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Here's the third in a series of health policy podcasts hosted by Dr. Timothy Johnson, retired medical editor for ABC News, focusing on the new national Affordable Care Act, Obamacare.
Today's truth-squadding episode offers a little progress report on health insurance exchanges (they're improving) and also delves into the latest Obamacare kerfuffle: how many folks may lose their current health insurance and be forced to seek alternatives.
Johnson's guests today are John McDonough, a professor at the Harvard School of Public Health; Dr. Gail Wilensky, a health official under the first President Bush and Larry Levitt, a senior vice president at the Kaiser Family Foundation.
Johnson kicks things off with a question stemming from President Obama's statement that anyone who likes their health insurance can keep it, which turns out not to be entirely true:
"Either the president didn't know what was going to happen or he cut a political corner," Johnson says.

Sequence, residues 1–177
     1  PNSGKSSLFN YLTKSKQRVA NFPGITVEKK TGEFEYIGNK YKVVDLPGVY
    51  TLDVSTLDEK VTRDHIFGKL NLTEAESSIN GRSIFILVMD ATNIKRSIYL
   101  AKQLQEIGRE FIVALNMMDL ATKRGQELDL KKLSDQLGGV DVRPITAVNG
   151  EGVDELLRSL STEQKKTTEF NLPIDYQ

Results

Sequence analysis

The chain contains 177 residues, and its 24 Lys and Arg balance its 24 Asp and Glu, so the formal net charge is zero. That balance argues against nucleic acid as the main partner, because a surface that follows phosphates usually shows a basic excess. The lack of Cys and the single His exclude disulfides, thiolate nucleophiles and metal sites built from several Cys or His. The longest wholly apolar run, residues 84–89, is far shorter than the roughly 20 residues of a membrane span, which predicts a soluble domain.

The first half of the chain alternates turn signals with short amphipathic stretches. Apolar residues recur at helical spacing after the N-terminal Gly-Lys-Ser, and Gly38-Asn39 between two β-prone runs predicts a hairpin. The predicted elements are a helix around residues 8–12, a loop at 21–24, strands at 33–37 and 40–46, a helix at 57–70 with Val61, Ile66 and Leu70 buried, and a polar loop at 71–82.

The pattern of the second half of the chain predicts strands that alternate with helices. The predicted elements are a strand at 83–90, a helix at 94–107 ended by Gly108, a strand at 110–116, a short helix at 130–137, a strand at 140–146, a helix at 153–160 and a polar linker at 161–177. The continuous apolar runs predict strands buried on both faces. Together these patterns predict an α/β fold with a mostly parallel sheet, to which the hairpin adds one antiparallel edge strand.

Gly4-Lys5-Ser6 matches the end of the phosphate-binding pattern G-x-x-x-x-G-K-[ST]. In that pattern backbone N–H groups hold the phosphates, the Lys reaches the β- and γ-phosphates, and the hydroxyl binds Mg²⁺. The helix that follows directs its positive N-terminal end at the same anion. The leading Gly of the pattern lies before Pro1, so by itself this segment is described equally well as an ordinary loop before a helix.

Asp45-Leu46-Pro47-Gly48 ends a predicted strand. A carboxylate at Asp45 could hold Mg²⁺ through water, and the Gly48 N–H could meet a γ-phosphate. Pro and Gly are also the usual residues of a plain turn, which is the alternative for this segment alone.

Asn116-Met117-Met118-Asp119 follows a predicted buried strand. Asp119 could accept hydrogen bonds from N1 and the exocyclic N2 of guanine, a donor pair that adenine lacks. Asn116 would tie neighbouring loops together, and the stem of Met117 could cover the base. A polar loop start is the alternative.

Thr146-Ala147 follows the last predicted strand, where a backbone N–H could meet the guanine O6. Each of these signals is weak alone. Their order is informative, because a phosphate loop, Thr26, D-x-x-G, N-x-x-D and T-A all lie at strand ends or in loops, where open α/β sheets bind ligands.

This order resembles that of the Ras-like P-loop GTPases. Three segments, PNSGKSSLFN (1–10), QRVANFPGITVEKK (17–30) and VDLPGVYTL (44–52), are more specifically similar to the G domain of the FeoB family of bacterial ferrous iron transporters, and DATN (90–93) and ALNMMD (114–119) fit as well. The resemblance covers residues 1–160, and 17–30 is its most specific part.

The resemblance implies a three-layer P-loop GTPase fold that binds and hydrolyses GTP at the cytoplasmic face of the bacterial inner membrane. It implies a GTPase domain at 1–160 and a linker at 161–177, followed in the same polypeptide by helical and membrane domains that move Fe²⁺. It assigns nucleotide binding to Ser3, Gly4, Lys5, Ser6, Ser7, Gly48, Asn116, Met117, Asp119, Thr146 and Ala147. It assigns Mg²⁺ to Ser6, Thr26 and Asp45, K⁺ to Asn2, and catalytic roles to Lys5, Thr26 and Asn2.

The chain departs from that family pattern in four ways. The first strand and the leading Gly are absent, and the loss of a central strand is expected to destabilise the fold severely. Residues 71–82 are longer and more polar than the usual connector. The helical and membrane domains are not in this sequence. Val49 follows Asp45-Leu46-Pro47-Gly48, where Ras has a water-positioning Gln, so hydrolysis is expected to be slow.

McDonough responds: "There was an attempt to minimize the opposition and minimize concerns... and the truth is about 98 percent of any Americans who have coverage won't see a cancellation or a bad choice." He adds that anyone who is losing their insurance can buy new insurance, which wasn't necessarily the case before the law. Still, he concedes, that "yes, the president could have been more precise."
Wilensky is a bit more succinct: "Dumb mistake on the president's part politically," she says, noting that Obama might have learned something from George Herbert Walker Bush's "No New Taxes" debacle. When a president makes a "simple declarative statement," she says, he better be prepared to honor it.
To hear Johnson's earlier podcast, listen here.
This program aired on November 5, 2013. The audio for this program is not available.
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